Not long ago, that is precisely on Easter Sunday, April 21, 2019, the National Chief Imam in Ghana made a historic visit to a Christian group in Accra to signify the importance of adopting a path of religious recognition, tolerance and mutual respect and, therefore, teaching the world the need for peace at all times.
Comparing Ghana of the 1990s and Ghana of today, I conclude that as a country, the only progress we have made is our ability to illegally amass wealth at the expense of the poor to acquire western and Chinese goods.
It is disquieting and shocking to read of real and serious threats to the profession of journalism in Ghana at the moment in the presidency of the acclaimed fighter for and defender of media freedoms, President Nana Addo Dankwa Akufo-Addo.
The production and the sale of locally manufactured earthenware bowls, popularly known as ‘Ayowa’ (made from clay), has remained popular and lucrative business for the people of Tanoso in the Tano North District of the newly created Ahafo Region.
Marriage is a very important institution in our society. Apart from those who have sworn the oath of celibacy, society expects everyone to get married at a certain age. For women, the pressure is much heavier than for men.
“The commitment I want to make, and for all of us to make, is that by the end of my term in office, Accra will be the cleanest city on the entire African continent. That is the commitment I am making to you.”
Never in my wildest imagination would I have ever thought that a sexual problem-fixing advertisement of any kind would be allowed to be sited at the precinct of an international airport of all places, more so at the main exit where ordinarily, a welcome message would have been more like it.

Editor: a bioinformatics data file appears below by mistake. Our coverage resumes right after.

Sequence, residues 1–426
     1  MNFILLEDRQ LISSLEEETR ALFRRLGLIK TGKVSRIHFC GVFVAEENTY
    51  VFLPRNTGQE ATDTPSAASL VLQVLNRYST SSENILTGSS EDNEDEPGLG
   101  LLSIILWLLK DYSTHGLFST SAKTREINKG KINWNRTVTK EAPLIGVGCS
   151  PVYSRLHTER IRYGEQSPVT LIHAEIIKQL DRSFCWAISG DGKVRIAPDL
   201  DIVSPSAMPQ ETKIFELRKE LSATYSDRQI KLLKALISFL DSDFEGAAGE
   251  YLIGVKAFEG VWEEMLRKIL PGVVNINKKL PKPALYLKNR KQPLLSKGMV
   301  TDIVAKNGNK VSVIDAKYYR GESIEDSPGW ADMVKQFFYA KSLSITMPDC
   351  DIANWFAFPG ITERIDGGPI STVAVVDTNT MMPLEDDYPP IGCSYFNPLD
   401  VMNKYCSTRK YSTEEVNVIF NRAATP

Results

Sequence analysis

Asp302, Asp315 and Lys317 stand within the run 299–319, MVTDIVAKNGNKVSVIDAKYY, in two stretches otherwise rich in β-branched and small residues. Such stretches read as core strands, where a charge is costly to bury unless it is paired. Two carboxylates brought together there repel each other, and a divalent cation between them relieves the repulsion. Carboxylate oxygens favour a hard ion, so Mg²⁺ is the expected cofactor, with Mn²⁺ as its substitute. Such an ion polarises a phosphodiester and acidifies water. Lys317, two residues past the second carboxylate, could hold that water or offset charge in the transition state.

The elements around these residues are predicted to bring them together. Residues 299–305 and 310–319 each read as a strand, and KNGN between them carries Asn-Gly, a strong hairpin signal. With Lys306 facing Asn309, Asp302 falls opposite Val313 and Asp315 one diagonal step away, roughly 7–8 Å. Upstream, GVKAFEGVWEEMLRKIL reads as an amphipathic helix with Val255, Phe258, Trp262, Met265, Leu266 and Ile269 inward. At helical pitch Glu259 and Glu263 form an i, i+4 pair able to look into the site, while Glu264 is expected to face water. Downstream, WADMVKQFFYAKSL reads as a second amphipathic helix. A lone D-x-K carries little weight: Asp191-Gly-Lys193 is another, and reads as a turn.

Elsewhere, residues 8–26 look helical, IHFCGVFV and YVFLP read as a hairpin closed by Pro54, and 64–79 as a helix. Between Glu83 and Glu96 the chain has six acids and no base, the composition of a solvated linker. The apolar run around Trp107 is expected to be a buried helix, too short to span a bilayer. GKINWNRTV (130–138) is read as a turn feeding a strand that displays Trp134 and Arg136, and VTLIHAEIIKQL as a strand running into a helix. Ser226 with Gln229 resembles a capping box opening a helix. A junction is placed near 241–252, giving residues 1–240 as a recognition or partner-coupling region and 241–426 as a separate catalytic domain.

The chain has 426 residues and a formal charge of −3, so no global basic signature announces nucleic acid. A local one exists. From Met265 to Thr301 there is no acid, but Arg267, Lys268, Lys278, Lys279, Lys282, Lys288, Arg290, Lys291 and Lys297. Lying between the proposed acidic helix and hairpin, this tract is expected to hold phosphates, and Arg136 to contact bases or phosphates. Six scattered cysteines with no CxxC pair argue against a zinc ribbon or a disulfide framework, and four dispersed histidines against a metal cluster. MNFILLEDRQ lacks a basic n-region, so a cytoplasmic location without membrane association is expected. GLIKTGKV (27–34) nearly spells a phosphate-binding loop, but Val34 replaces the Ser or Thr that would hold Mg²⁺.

In 2017 with the aim of connecting all ages across the Commonwealth, CommonAge, the Commonwealth association for the ageing, invited young people living in Commonwealth countries to spend time with a monagenarian in their community and write that person's life story. Selected essays were published in a special book in March 2019 to celebrate ageing in the Commonwealth and Her Majesty the Queen of England's 65 years as Head of the Commonwealth.
The book's journey through the Commonwealth starts in Ghana with the essay 'Playing to the Tune of Providence', narrated by Emeritus Professor J.H. Nketia to Nana Adwoa Tekyiwa Agyemang.
The Ghana Academy of Arts and Sciences (GAAS) held an evening of remembrance on Wednesday, April 10, for Emeritus Professor J. H. Kwabena Nketia, the man who came to be known as the “Music of Africa”. A State funeral is to be held at the State House in Accra on May 4 for this great man.
I have always been fascinated by the phenomenon of the high-rank sacking of the political kind. The sacking of a Minister of State always has an aura of drama, even a relatively painless one like the departure from office of Mr Rockson Bukari as Minister of State at the Office of the President.